In his program notes, Christopher Durang describes his new musical Adrift in Macao as "an entertainment written in a good mood."So no shame on us if this helium balloon floats from our brains the moment we leave the theater. Lightweight laughs are this film noir parody's only goal, and plenty of people will say it succeeds.
I'm not one of them, but there's no halfway point with this type of humor; you either like silly camp or you don't. However, even those of us who prefer our jokes with more sting can appreciate the show's craft and detail.
As they spin their tale of saucy dames and hard luck gents, Durang and composer Peter Melnick expertly tweak the staples of 1940s crime dramas. There's an American gal trying to make it as a singer in a Chinese nightclub, a scruff-faced man trying to catch her eye as he flees his past, and some shady foreigners out to get them both. There's even a dance break that involves Carmen Miranda fruit hats.
More than anything, though, there are over-the-top gags. Take that Chinese nightclub: It's owned by Rick Shaw. And when our heroine Lureena(Rachel de Benedet) talks about her old boyfriend, he just happens to be a French film critic who taught her all about the conventions of film noir. The plot may get ludicrous, but these self-aware jokes encourage us to chuckle at the lunacy instead of deride it.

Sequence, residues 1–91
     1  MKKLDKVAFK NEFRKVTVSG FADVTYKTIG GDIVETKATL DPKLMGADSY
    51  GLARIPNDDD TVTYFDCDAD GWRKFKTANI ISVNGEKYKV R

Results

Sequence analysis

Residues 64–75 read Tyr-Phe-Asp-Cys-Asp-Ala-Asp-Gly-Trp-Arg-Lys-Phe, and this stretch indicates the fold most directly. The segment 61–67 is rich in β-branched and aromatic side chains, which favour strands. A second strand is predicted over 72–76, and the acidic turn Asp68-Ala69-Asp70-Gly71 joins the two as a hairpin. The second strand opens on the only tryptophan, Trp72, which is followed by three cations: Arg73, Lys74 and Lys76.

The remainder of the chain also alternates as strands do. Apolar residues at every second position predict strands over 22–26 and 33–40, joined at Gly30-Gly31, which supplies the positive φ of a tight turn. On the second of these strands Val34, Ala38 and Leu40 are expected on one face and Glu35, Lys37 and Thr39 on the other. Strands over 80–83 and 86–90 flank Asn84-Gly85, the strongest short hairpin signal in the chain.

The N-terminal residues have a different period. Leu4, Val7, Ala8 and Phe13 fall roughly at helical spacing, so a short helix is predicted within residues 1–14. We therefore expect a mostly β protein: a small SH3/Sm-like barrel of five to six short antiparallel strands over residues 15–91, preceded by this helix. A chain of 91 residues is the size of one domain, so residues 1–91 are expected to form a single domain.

Even when the writing deserves more groans than guffaws-and that happens more than once-it's hard to stay miffed at a show that moves so quickly. Jokes follow jokes like lightning, and the manic energy is infectious. Plus, director Sheryl Kaller has honed her cast to perfect comic timing, and their commitment to zaniness is endearing.
The performers also meet the demands of the songs, which are more complex than the numbers in most serious shows. The highlight is a singing battle between Lureena and Corinna(Michele Ragusa), the singer who lost her job to this upstart floozy.Trying to win over the club's audience and out-perform her rival, each diva sings a number filled with belted notes and trilling scales. The actors' lovely voices make the scene's ruthless competition even funnier.
Despite these excellent performances though, Adrift in Macao's most valuable player may be choreographer Christopher Gattelli. He not only stages full-on showstoppers, but also fills the production with subtle movements that define its world. In the opening number, for instance, Lureena ends every chorus by sweeping her leg out of the slit in her slinky purple skirt. It's a move Barbara Stanwyck might have used in Double Indemnity, and it clarifies just what kind of hijinks will come.